Savoury

Beetrooccino & a certain xanthine alkaloid

Oh, caffeine. Or as its ultra-catchy IUPAC name would have it, 1,3,7-trimethyl-1H-purine-2,6(3H,7H)-dione. It’s the most widely consumed psychoactive substance in the world, and I’m consuming it right now, while I type! Just think of the things that have possibly been written under the influence of caffeine. Probably, like, War & Peace and stuff. And so this blog post pompously insinuates itself into that mighty company.

But how much of our dependence upon (and love affair with) caffeine is the result of its chemical effects on our brains, and how much is just in the mind? (Figuratively.)

It’s more than a little bit in the mind. You should know that by now.

One study had a little look at what happened to people’s ability to pay attention and detect important information after they consumed either a caffeinated or non-caffeinated drink, depending on whether they were told about its correct identity or misled (that’s right, another experiment full of blatant lies — I love it).

So all participants went through four sessions:

  • One in which they were given a caffeinated drink and told it was caffeinated (truth!).
  • One in which they were given a caffeinated drink and told it was non-caffeinated (lie!).
  • One in which they were given a non-caffeinated drink and told it was non-caffeinated (truth!).
  • One in which they were given a non-caffeinated drink and told it was caffeinated (lie!).

 
Different participants did the different sessions in different orders. They didn’t know that sometimes they were being lied to; they’re just drinking these drinks and then doing a computer task. So in each session, a little while after they consumed the drink, they performed a computer task in which numbers flashed up on the screen and participants had to pay attention and try to spot a target pattern (e.g. when the same number flashes up twice in a row and is an even number). This was a measure of their vigilance.

What would you expect would happen? We consume caffeine usually because we want to be more alert and pay attention, so having caffeine should improve vigilance, right? Well, yes, caffeine did improve vigilance.

But only when participants were told that their drink had caffeine in it.

If they had the caffeinated drink but were told it was decaffeinated, they performed pretty much exactly the same as when there really had been no caffeine in their drink. So their expectation that there was no caffeine to improve their performance meant that their performance wasn’t improved, even when the caffeine was there to act chemically on their brain.

However, this expectation effect wasn’t there for the non-caffeinated conditions: people performed pretty much equally after a non-caffeinated drink regardless of whether they thought it was caffeinated or not.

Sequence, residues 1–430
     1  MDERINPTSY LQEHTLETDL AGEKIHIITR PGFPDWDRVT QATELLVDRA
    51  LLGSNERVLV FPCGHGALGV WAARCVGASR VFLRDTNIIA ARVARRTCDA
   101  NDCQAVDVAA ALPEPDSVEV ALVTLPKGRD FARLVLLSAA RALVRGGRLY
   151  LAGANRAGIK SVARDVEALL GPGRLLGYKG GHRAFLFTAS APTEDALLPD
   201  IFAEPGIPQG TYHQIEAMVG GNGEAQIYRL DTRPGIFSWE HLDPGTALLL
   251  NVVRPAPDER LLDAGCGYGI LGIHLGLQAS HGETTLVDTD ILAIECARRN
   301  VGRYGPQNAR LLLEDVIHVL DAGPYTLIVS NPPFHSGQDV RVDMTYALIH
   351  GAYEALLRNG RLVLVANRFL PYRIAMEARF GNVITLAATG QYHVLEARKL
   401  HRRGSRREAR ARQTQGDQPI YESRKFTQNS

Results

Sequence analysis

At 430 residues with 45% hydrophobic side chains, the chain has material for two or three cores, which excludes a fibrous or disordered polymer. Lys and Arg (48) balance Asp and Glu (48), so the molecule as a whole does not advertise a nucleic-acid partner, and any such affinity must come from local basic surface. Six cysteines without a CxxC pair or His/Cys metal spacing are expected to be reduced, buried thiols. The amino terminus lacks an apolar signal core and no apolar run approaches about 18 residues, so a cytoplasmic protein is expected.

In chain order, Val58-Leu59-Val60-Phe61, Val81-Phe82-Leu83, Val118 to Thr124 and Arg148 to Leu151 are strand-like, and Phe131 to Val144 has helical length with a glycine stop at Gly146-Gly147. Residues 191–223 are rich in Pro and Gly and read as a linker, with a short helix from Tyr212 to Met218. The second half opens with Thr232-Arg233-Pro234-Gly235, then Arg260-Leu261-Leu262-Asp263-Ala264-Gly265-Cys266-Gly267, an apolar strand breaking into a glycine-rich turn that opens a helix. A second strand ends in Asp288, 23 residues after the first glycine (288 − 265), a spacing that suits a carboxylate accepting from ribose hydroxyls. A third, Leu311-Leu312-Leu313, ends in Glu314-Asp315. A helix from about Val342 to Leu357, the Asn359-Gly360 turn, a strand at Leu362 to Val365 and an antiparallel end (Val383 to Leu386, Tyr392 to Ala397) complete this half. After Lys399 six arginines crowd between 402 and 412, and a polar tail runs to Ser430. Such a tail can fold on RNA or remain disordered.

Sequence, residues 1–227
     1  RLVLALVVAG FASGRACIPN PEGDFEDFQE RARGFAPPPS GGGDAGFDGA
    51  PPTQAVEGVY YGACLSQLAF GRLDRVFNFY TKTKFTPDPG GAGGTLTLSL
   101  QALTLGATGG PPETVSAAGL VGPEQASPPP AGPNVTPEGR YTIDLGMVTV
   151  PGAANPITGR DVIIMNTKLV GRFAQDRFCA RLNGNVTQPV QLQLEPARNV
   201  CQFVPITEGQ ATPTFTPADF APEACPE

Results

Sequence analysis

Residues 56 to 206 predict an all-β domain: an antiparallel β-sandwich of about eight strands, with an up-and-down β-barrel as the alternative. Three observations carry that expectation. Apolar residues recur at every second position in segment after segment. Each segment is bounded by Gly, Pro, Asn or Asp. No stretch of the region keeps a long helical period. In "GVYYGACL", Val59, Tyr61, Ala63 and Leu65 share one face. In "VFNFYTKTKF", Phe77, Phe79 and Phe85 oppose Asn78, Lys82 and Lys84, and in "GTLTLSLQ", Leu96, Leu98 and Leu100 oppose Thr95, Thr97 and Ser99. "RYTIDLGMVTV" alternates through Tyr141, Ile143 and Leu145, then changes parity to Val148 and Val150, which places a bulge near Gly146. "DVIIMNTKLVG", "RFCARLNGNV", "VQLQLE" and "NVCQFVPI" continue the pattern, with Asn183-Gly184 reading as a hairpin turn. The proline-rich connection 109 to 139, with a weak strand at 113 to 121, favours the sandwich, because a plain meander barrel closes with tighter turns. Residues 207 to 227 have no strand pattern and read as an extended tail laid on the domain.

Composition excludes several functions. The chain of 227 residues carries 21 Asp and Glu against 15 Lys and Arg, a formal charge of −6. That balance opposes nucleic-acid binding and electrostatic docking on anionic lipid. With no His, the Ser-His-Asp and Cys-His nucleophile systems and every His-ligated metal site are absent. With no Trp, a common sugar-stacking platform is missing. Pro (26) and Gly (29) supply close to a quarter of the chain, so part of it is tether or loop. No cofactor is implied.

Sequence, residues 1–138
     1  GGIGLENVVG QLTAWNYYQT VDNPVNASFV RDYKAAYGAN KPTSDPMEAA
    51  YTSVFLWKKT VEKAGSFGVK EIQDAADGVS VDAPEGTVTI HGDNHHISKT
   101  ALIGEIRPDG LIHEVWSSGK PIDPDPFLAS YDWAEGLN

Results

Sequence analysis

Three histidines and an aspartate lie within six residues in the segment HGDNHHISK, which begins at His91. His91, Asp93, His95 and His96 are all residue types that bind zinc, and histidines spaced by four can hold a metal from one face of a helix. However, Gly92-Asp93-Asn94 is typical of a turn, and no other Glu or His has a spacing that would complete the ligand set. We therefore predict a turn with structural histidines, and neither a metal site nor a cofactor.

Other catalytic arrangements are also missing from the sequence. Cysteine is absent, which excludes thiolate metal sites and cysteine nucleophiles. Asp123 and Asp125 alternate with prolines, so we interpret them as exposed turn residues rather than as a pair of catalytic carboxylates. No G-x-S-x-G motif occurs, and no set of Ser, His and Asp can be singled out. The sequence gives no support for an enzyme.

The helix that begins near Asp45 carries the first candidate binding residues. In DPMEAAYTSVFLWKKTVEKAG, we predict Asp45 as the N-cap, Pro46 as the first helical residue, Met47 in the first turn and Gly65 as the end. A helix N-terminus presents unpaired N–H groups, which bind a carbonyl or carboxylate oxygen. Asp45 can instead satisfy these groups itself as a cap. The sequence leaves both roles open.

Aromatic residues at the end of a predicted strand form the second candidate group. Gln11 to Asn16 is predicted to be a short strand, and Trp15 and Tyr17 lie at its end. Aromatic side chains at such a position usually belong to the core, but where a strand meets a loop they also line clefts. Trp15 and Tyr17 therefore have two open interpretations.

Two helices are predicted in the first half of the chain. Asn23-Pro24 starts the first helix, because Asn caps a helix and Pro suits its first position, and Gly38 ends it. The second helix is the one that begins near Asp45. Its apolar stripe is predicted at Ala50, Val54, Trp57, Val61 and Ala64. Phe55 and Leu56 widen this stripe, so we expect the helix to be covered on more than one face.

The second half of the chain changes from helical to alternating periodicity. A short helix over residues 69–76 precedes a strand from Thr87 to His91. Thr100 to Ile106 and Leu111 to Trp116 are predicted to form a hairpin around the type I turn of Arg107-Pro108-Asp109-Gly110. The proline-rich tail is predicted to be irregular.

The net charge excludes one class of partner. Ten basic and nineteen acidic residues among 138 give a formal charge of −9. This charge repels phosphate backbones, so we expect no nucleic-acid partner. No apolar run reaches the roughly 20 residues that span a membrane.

So what can we take away from this? Subtle relationships, people. Subtle relationships. It seems that there is an interaction between the chemical effects of caffeine and our normal expectations of what caffeine is going to do to us. The caffeine needs to be there, but we also need to expect it to be there and to work for it to actually work.

Or, more concisely, you can take this message away from it:

NEVER DOUBT YOUR CAFFEINE OR YOU WILL SUFFER THE CONSEQUENCES.

And with that in mind, fancy some beetroot coffee? Or as I call it… beetrooccino?

Yeah so this is pretty much inspired by Heston Blumenthal’s lobsterccino, but (1) I’m not aiming to emulate the crazy excess of the 1980s like Heston was (I wasn’t there for half that decade), (2) beetroot and coffee share odour compounds that might make them complement each other rather well and (3) I was buying molecular gastronomy supplies online and my order was under the minimum order value by 5 cents, so I bought a $4 packet of beetroot powder and had to figure out something to do with it.

And the beetrooccino is good. It is actually really good. The coffee and beetroot do complement each other very well, although I have to say it is rather a savoury drink. I wouldn’t want to finish a meal with this, but… it might work as a slightly crazy hors d’œuvre prior to food.

Read on for the recipe for beetrooccino…

Steamed buns with bacon and caramelised bananas

I imagine that this recipe should come with some warnings:

Do not attempt this recipe if you care about your cardiovascular health at all. Do not attempt it if you wish to avoid Type II diabetes. Do not go within a 5-metre radius of the finished product if you want to keep the enamel on your teeth. Do not attempt this recipe if you have a weak stomach or a delicate disposition. This recipe would have been a candidate for thisiswhyyourefat.com if the owner of the site hadn’t deleted it (although Google has lovingly cached it of course). Do not prepare or consume this item while operating heavy machinery. May cause excessive sweating, nervousness, over-excitement or disgust.

That said, as shameful as these things are, they are amazing. And it’s not as if I’ve Lutherised a KFC Double-Down, a.k.a. fried meat + more fried meat + doughnut. This recipe is a petty crime compared to that monstrosity.

It came about out of pure necessity (so I tell myself) when I was trying to put together some form of meal with whatever was hanging around in the kitchen on a public holiday. I had about 20 steamed buns left over from the night before, I had bacon I had bought at the butcher because it was free-range and looked good, and I had bananas which I had bought primarily for their ethylene, so that they would encourage my very unripe chocolate pudding fruit to ripen. A few days previously I had been at a newly opened restaurant and had ordered a dish containing caramelised bananas and I was wistful for them, so they had to make a reappearance. And so everything came together in this ungodly way.